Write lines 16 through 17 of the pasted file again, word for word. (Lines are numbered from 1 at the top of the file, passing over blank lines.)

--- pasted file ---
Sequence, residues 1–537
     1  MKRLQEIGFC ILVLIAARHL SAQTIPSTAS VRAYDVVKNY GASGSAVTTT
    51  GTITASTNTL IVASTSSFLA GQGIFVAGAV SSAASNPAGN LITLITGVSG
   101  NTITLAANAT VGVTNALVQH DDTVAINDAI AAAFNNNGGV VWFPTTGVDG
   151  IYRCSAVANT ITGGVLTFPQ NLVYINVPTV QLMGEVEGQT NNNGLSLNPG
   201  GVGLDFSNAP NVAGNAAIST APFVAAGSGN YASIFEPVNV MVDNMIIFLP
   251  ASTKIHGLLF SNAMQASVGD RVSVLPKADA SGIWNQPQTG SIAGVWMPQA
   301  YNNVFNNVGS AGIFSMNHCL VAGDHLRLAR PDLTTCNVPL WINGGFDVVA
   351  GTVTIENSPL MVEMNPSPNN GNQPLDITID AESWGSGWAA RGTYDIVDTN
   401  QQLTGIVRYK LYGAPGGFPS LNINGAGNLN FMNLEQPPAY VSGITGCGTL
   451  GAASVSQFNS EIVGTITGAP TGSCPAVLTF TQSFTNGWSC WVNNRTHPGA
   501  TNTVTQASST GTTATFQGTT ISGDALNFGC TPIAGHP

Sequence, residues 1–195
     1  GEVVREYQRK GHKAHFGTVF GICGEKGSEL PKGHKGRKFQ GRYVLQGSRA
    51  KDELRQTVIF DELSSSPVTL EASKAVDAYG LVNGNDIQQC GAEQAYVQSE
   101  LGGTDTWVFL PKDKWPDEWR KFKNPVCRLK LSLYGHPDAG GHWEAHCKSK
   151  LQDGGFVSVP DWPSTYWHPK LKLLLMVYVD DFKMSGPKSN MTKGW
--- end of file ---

   101  LGGTDTWVFL PKDKWPDEWR KFKNPVCRLK LSLYGHPDAG GHWEAHCKSK
   151  LQDGGFVSVP DWPSTYWHPK LKLLLMVYVD DFKMSGPKSN MTKGW